"If we extended the sales tax to services, that would actually help low-income folks," who usually do not spend a large chunk of their budget on services, he said.

"It's high-income individuals who spend a larger share of their income on services, and if anything, it would help the tax system [move] a little bit more towards fairness, and certainly, I think, more towards efficiency in the economy," Merriman stressed.

Martire added that "taking the sales tax base expansion off the table just makes no fiscal sense."

"We'll never have a balanced budget if in fact we don't expand our sales tax base to include services," he said. "And while that would be moderately regressive ... you can offset that regressivity if you had a fair income tax." 

In his speech, Quinn did not mention House Speaker Michael Madigan's recent proposed constitutional amendment that seeks to raise the state's income tax for people earning more than $1 million annually. All income over $1 million would be taxed by 3 percentage points, which is estimated to bring in an extra $1 billion for schools each year.

The Chicago Teachers Union, which supports Maidgan's proposal, issued the following statement in response to Quinn's budget address:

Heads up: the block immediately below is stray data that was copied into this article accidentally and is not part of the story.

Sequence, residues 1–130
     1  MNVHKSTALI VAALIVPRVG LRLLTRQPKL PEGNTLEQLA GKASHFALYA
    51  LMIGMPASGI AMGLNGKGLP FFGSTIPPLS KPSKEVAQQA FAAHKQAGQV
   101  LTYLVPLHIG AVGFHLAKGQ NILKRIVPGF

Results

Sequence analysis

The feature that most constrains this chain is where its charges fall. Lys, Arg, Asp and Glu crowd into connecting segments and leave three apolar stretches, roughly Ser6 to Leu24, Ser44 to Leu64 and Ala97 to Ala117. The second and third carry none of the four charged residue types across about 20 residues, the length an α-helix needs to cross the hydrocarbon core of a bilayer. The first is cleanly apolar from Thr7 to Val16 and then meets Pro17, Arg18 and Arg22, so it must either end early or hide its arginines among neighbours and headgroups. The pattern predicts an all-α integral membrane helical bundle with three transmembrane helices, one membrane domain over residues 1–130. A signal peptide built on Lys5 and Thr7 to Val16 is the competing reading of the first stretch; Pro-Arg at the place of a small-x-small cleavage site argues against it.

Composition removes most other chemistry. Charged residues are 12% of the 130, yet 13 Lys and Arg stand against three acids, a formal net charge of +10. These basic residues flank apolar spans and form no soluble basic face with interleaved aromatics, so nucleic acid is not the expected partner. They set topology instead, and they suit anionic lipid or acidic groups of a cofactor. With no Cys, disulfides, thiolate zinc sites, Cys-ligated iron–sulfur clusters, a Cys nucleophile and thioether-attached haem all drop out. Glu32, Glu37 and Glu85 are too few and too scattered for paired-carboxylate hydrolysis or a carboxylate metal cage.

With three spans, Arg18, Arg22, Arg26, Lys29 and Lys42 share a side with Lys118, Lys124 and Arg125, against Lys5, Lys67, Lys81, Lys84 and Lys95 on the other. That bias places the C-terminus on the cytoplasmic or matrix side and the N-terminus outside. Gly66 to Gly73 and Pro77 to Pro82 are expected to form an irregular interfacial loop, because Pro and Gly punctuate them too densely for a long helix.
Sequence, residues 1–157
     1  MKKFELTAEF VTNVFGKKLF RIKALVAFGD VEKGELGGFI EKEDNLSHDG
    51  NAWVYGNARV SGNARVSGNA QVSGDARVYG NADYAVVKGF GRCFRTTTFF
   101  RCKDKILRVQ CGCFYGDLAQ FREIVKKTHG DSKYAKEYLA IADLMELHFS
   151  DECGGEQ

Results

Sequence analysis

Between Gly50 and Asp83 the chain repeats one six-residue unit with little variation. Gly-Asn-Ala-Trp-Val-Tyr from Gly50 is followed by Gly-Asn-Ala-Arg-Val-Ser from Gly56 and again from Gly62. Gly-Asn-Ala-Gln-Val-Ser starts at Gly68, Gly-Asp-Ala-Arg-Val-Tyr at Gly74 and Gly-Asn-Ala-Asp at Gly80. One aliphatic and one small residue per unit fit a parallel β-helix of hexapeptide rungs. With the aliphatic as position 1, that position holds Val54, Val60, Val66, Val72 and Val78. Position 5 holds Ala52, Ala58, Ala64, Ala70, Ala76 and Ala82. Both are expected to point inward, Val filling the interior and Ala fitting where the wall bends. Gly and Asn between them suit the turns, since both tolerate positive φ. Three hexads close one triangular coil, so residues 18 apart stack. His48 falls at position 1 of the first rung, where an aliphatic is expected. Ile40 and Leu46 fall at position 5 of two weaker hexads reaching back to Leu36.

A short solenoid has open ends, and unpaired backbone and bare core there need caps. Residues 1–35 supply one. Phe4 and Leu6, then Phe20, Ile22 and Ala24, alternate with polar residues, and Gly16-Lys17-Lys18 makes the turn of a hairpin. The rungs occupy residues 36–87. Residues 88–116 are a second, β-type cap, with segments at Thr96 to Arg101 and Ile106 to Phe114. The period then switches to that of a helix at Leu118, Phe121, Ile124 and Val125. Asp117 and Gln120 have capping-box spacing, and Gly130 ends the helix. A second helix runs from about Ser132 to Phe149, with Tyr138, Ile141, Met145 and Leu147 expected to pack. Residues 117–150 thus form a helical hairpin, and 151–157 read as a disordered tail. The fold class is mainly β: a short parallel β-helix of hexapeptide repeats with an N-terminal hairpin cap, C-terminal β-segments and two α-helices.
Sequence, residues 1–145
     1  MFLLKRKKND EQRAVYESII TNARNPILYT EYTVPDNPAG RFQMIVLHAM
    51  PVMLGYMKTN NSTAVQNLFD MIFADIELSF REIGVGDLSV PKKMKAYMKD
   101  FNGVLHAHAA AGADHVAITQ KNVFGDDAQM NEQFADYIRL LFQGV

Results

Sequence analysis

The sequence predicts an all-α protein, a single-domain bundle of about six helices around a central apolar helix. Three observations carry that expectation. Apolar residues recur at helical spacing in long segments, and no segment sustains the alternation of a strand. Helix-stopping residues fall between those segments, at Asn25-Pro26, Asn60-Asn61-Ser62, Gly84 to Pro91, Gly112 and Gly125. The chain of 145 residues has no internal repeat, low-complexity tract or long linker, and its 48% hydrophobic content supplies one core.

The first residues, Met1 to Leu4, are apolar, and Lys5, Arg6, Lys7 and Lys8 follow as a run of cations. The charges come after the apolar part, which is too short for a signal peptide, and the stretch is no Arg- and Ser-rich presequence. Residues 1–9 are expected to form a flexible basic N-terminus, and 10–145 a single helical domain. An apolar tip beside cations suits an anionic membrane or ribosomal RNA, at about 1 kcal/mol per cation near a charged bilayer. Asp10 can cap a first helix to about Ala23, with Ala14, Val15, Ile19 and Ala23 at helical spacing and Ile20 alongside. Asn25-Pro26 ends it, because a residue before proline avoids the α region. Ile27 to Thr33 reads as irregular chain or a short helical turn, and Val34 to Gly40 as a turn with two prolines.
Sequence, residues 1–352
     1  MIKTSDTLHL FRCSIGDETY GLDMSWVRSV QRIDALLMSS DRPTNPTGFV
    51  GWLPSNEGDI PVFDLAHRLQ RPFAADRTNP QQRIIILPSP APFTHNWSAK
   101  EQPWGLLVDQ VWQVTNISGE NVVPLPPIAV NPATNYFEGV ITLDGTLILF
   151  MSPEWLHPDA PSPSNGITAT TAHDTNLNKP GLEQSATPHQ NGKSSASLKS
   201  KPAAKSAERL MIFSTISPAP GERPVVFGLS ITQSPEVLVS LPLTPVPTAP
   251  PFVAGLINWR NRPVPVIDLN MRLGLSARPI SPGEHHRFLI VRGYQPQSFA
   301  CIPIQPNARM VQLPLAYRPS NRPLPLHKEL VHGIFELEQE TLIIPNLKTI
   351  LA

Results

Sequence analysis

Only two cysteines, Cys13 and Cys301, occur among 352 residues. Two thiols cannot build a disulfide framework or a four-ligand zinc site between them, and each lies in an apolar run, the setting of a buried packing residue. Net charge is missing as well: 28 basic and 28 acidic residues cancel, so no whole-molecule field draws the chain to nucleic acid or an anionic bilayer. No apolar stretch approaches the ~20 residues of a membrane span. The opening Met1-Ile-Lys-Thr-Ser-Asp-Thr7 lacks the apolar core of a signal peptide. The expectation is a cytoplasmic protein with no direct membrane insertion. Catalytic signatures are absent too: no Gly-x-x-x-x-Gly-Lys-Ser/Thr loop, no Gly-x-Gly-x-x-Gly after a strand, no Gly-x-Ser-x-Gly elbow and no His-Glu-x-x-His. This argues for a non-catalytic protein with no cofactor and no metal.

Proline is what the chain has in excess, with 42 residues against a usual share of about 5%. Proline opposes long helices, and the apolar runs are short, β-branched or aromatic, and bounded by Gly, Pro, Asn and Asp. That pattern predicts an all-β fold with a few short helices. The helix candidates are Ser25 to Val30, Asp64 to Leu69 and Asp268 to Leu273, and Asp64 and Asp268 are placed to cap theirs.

As has been made clear in Illinois and across the country, state and local governments are suffering not from an epidemic of wasteful spending but rather a severe revenue crunch. Budgets are statements of priorities, and revenue has been too low a priority in this state for far too long. We applaud Governor Pat Quinn for recognizing the importance of additional revenue for schools and human services. At the same time, if we are to develop the schools all our students deserve, maintenance of current funding levels is insufficient, especially when the method by which revenue is generated continues to disproportionately impact working families across the state.

We support House Speaker Michael Madigan’s constitutional proposal for a surcharge on millionaires to fund education, and we view it as an important first step. We continue to support a Fair Tax that can provide the revenue necessary to support education beyond the significantly slashed, pro-rated state funding levels of the last several years.